Occasional musings, Geistesblitze, photos, drawings etc. by a "resident alien", who has landed on American soil from a far-away planet called "Germany".

Thursday, June 6, 2013

Word of the Month: Unglücksrabe

Word of the Month: Index

A Pechvogel was the first 'compound creature' I drew and posted on my blog. I'm finally getting around to giving him a companion in misery. Unglück is the opposite of Glück (good fortune, luck), and we encountered a Rabe (raven) already in connection with Rabeneltern. Like a Pechvogel, an Unglücksrabe is a person who has run into some misfortune—he and a Pechvogel are partners in bad luck.

The most famous Unglücksrabe in German literature is Hans Huckebein, the anti-hero of a story told in pictures by Wilhelm Busch. I have to do some more research to find out why ravens are associated with bad luck in this expression.

[Source: Wild Things in the German Language: Kindle/paperback version | iBooks version]


Heika said...

Given my current life experiences, this is the perfect word of the month for me. As always, I love the drawing.Have you found out anything about why ravens are associated with bad luck. Who is Wilhelm Busch? Come to think of it, you have graciously provide a link so perhaps I can find out there.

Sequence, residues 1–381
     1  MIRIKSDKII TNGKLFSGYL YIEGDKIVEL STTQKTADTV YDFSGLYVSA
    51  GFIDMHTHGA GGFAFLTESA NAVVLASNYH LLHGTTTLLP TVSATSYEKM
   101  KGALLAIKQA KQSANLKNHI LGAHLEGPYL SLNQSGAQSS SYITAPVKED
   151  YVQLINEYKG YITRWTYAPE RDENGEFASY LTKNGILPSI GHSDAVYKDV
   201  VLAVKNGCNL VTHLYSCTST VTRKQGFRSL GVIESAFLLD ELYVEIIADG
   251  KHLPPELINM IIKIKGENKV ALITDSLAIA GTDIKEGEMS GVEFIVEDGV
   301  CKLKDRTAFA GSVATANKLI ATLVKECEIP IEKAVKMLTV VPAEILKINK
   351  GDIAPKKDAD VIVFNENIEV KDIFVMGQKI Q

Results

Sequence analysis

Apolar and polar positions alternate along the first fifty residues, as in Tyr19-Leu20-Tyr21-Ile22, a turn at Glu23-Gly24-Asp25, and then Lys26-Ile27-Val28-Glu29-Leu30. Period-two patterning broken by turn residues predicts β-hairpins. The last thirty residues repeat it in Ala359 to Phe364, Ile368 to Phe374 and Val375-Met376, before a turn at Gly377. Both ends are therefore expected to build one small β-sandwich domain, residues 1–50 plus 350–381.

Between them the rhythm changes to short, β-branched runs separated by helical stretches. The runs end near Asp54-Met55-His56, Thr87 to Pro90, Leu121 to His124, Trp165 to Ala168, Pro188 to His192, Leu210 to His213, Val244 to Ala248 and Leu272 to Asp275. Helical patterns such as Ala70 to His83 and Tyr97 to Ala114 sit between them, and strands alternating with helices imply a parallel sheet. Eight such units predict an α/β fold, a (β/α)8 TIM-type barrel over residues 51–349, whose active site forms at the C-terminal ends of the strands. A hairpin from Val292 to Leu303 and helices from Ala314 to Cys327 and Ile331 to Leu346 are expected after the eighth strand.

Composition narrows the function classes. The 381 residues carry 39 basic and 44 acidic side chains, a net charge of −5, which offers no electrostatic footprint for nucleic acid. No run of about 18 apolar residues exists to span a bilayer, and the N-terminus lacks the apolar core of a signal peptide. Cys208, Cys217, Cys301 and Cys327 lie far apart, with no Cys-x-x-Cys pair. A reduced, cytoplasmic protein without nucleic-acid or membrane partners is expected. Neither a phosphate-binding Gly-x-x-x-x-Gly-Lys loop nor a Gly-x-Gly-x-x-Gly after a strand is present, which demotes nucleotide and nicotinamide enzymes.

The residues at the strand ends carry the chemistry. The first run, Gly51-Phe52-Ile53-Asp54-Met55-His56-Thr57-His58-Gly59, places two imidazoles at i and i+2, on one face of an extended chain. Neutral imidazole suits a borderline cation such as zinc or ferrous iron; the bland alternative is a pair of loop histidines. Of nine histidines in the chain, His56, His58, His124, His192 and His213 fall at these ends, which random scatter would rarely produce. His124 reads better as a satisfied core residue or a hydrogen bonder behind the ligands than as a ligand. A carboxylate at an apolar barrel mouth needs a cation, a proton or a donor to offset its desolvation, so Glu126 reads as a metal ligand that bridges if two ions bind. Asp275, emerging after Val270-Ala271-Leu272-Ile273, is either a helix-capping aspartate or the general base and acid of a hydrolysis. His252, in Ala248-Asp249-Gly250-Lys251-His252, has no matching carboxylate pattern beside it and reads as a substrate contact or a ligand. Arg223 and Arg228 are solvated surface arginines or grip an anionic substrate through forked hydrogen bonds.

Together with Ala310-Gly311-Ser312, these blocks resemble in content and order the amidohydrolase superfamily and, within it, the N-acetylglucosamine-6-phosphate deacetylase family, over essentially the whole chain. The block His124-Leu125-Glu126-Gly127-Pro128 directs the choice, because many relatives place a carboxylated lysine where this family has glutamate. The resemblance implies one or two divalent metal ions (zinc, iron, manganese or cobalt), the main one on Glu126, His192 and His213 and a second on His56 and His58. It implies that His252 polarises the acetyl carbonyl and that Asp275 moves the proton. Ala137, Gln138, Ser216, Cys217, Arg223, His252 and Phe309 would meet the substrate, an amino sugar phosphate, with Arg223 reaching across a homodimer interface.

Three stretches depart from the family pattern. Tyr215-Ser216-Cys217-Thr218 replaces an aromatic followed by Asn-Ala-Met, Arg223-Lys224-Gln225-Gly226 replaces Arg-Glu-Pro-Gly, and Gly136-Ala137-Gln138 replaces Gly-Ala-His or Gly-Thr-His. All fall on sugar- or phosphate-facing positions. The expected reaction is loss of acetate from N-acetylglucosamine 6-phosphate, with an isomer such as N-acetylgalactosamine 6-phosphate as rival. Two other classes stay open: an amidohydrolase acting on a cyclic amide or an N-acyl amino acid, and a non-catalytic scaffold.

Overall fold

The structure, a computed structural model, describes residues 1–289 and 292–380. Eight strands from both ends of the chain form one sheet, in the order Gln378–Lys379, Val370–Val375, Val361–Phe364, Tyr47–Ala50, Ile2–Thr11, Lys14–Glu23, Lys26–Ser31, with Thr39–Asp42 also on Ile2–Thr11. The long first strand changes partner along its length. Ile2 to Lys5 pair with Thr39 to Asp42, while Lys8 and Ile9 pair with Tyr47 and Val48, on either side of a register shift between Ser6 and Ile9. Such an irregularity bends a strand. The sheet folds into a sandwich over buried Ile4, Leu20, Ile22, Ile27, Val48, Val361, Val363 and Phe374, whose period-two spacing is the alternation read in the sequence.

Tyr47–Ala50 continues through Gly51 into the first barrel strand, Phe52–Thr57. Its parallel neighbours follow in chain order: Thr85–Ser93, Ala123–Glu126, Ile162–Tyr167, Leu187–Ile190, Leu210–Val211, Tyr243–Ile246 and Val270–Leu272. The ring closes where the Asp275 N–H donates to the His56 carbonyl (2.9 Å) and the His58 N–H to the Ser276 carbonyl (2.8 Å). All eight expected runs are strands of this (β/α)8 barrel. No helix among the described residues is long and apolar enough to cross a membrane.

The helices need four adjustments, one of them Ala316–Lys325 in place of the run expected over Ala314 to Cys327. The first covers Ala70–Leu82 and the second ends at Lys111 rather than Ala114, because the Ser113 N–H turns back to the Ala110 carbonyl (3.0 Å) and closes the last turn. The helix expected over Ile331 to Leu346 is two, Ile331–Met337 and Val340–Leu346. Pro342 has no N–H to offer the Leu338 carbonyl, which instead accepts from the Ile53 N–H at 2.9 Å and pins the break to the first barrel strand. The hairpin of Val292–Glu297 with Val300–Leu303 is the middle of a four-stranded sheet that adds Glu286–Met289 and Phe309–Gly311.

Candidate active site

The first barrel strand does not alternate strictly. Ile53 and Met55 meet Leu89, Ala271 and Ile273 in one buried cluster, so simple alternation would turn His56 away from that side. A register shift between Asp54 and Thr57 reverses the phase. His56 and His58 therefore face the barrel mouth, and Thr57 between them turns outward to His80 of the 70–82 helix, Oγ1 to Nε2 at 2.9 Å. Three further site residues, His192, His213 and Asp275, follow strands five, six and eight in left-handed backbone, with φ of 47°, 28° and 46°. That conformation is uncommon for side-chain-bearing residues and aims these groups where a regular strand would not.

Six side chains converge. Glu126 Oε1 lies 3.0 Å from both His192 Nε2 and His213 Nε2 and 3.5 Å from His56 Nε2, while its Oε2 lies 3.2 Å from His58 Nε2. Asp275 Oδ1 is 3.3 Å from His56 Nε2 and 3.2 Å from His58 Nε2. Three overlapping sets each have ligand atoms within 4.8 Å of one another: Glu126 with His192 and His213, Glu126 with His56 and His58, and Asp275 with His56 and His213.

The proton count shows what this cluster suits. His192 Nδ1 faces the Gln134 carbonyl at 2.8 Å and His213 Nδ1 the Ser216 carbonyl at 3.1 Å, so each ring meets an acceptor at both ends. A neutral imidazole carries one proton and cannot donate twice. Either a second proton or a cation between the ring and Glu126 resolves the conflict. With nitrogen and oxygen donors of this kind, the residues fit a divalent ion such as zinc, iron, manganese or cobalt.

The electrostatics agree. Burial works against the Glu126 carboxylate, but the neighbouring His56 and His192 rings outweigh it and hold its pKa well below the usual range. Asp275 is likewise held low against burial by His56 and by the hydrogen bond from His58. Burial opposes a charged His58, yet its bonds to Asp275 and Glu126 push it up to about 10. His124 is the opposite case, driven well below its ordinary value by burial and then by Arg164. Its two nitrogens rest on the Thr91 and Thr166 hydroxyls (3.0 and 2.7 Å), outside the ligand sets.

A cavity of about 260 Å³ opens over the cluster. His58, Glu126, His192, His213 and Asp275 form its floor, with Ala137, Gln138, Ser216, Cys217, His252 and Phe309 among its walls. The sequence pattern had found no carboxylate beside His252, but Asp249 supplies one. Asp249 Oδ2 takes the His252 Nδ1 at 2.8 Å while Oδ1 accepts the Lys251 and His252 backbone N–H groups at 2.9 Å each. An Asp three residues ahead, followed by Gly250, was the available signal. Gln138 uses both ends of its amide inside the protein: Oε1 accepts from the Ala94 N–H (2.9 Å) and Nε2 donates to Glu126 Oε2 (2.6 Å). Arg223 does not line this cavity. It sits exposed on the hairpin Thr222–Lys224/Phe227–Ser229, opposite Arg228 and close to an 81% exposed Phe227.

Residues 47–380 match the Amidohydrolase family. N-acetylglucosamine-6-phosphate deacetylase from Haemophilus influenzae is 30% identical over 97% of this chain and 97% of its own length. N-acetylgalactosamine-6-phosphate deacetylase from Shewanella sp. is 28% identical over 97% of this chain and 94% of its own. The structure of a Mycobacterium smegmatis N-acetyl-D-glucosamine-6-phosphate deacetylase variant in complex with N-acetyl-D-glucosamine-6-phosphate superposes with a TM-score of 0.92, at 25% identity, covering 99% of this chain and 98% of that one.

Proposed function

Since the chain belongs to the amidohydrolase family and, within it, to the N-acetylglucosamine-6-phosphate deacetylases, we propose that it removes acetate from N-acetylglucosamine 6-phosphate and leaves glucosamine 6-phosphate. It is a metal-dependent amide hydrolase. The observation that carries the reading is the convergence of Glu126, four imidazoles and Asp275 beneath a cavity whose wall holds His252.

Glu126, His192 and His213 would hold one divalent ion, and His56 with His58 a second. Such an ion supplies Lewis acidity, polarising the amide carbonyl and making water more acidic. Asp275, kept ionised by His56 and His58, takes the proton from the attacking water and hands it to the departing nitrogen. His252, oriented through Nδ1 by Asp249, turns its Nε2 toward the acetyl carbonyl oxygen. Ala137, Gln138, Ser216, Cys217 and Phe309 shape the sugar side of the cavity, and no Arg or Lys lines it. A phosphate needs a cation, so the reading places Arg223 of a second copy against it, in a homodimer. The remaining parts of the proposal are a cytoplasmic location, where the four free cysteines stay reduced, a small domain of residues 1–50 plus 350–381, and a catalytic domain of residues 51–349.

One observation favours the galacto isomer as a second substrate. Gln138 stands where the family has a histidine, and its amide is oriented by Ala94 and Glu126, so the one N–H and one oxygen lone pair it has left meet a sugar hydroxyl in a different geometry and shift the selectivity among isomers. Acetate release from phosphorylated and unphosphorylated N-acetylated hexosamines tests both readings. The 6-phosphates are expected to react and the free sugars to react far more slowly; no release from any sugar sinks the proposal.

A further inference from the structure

Ulrich said...

Well, Heika, I hope your luck will turn soon!

Wilhelm Busch's Bildergeschichten (picture stories) are considered precursors of the modern comic strip. He had a dual talent: He could not only draw, but had a wonderful feel for the German language—his lyrics are the best humorous poetry ever written in German. He not only skewers the habits of his fellow men and women (and children!), but plays with and makes fun of the very conventions of lyric poetry. Since it's so language-specific, it's untranslatable.

As to ravens, this is what I've found: The Grimms' German Dictionary mentions that ravens were considered harbingers of bad luck in the middle ages. Several sources point out that in the days of public hangings, ravens were frequently sighted at the gallows (they are carrion eaters after all). In fact, it's a standard convention to depict gallows with corpses hanging from them and ravens sitting on the cross beam.

So, the association between ravens and bad luck is not that surprising. But note that in the term Unglücksrabe, the meaning has shifted from someone who augurs bad luck so someone who has it!